The negatives:

(1)   a vulnerable global banking system.  A week free of bankster misdeeds.

(2)   fiscal/regulatory policy. A week free of ruling class misdeeds.

(3)   the potential negative impact of central bank money printing:  The key point here is that [a] the Fed has inflated bank reserves far beyond any comparable level in history and [b] while this hasn’t been an economic problem to date, {i} it still has to withdraw all those reserves from the system without creating any disruptions---a task that I regularly point out it has proven inept at in the past and {ii} it has created or is creating asset bubbles in the stock market as well as in the auto, student and mortgage loan markets.  

The ‘no rate increase’ crowd received a boost this week from NY Fed chief Dudley, who, in a speech, accounted as how a rise in the Fed Funds rate was ‘less compelling’ now, given the turmoil in the international markets. 

On the flip side, long rates have been rising due primarily to the heavy liquidation of Treasury holdings held in Chinese and emerging market foreign exchange reserves.  In addition, these sales have the effect of tightening money supply [money is spent to buy the bonds].  Clearly, this represents, at least, a partial usurpation of the Fed’s prerogative to expand or tighten monetary policy.  Given the dovish bent of our Fed [i.e. it is scared sh*tless to make a 25 basis point increase in the Fed Funds rate], it could potentially lead, believe it or not, to QEIV.

Just to summarize my continuing theses on Fed policy:

[a] QE rate cuts had little to no positive effect on the economy, so a rate increase will also likely have no consequence,

[b] what they did do was create major distortions in asset pricing and allocation,

[c] even if the Fed did initiate an increase, a quarter point rise from such a low base wouldn’t have an impact anyway,

[d] in any case, the Fed has waited too long to begin the transition from an extraordinarily accommodative policy; so that when it does undo this mistake, it will likely result in a lot of pain in the asset pricing and allocation spheres,

[e] keeping perfect its long term record of never getting its timing right.

You know my bottom line: sooner or later, the price will be paid for asset mispricing and misallocation.  The longer it takes and the greater the magnitude of QE, the more the pain.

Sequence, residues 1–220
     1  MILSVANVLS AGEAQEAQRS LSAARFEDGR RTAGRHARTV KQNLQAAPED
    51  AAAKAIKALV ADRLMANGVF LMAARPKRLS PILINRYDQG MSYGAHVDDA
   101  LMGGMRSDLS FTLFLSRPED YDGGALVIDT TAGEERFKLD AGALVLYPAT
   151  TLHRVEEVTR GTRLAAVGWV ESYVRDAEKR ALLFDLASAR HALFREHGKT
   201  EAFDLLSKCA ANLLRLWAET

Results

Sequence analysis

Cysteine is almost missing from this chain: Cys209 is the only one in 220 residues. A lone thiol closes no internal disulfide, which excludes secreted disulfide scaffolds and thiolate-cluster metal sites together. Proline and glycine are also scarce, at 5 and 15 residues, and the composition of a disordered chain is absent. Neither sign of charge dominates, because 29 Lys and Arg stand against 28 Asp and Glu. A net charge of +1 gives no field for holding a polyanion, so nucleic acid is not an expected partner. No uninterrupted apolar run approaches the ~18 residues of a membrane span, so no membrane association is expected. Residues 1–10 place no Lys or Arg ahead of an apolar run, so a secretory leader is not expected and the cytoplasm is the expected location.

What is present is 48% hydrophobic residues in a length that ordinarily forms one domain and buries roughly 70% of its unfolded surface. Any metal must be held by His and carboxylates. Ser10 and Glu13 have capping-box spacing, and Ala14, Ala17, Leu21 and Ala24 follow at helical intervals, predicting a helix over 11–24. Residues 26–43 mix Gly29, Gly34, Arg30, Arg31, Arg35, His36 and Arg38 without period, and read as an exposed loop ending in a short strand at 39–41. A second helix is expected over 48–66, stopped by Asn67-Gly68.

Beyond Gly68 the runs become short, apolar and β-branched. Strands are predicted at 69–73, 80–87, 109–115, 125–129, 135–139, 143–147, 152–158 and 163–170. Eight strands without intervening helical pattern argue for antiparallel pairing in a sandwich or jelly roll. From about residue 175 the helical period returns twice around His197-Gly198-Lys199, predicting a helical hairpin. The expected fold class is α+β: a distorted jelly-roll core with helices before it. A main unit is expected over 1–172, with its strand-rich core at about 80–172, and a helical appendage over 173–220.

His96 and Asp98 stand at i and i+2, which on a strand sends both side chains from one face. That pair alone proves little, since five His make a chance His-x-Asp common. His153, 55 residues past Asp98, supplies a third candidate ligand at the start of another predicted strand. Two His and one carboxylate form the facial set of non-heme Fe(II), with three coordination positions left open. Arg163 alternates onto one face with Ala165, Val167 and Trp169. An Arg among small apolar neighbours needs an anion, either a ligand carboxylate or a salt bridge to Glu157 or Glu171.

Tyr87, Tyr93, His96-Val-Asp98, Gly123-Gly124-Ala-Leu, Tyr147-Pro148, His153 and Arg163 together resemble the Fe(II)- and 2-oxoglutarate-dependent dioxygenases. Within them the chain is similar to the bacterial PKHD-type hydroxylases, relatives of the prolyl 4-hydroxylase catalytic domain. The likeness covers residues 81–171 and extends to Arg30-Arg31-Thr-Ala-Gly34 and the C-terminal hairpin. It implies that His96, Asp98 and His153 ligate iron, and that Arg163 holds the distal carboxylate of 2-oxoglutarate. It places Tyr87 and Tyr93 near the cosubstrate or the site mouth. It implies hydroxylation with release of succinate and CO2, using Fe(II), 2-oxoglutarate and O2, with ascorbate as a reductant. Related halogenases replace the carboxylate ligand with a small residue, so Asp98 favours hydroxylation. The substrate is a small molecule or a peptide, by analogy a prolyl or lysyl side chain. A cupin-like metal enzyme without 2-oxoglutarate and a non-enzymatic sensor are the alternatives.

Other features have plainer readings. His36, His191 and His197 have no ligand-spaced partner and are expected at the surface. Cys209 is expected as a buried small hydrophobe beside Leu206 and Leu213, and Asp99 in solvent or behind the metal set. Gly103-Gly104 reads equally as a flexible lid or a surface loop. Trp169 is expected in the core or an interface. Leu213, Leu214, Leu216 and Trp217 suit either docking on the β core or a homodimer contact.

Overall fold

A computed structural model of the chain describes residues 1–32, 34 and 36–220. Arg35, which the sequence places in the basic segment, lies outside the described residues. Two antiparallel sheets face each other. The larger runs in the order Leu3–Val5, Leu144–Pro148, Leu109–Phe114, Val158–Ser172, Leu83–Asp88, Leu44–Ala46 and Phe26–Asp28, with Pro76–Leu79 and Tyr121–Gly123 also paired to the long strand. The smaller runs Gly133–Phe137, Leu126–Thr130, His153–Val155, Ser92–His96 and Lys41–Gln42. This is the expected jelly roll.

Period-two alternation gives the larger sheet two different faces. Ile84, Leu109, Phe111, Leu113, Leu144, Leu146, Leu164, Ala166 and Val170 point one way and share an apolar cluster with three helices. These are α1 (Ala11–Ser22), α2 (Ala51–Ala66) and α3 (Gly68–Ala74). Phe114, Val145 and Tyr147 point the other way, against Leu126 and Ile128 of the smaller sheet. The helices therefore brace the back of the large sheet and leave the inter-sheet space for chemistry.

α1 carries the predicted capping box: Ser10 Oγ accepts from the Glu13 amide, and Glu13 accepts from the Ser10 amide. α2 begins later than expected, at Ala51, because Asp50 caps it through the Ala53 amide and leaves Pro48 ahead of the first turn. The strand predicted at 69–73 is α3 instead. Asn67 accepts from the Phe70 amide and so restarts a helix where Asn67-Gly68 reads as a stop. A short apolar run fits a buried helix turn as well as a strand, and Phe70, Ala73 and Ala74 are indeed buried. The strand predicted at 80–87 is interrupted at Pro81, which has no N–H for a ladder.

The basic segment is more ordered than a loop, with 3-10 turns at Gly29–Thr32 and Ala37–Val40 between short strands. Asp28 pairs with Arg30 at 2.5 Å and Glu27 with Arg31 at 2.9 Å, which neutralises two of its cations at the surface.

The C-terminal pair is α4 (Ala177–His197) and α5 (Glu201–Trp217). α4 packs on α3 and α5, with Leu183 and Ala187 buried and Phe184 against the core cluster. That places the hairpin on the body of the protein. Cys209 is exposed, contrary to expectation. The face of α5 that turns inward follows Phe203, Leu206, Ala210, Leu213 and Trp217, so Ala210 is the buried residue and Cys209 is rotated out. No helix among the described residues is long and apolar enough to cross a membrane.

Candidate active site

(4)   geopolitical risks: the Iranian nuke deal, the secession vote in eastern Ukraine and the hot war in the Middle East remain the trouble spots.  There was only one notable bit of news related to any of the above; and that was a Ukrainian/creditors deal to write off a portion of its debt, providing some much needed relief.  Nevertheless, all these situations have the potential to escalate and spill over into the economic arena.

(5)   economic difficulties, overly indebted sovereigns and overleveraged banks in Europe and around the globe.  China held the spotlight this week which included:

[a] another small decline in the value of the yuan, accompanied by increasing efforts to stabilize it, including massive liquidation of reserves to support the yuan,

[b] a dive in the Chinese securities markets followed by another round of government intervention in the form of interest rate cuts, enhanced tactics to cower sellers and new money pumped into the markets,

[c] improvement in official economic data {electric power generation, leading economic indicators} but a disturbing report from an outside party that estimates that the Chinese economic activity is declining.

None of the above is a plus in that more central government intervention hinders price discovery and the best and highest use of assets.  The worry is that the market will ultimately prevail and the consequences negatively impact the global economy---like the report this week that global trade is shrinking.

The impact of Chinese government meddling (medium):

For the moment, I am holding to our global economic ‘muddling through’ assumption; but the yellow light is flashing.

Bottom line:  the US economic data continues to reflect very sluggish growth in the US economy.  However, developments is China reinforce the notion that economic conditions there are worse than portrayed by official pronouncements. In addition, the news out of emerging markets reflects rapidly deteriorating economic conditions.  The biggest economic risk to our forecast is growth problems in the rest of the world.  The warning light is flashing. 

This week’s data:

(1)                                  housing: June new home sales were below expectations; July pending home sales were below forecast; mortgage and purchase applications were up; the June Case Shiller home price index was below estimates,

(2)                                  consumer: July personal income was up, in line, however personal spending was below consensus; month to date retail chain store sales growth was up; August consumer confidence was better than anticipated though consumer sentiment was less; weekly jobless claims fell less than expected,

(3)                                  industry: July durable goods orders were much better than forecast, though ex transportation the ‘beat’ was slight; both the August Richmond and Kansas City Fed manufacturing indices were disappointing; the July Chicago Fed national activity index was above estimates, but June’s reading was revised down,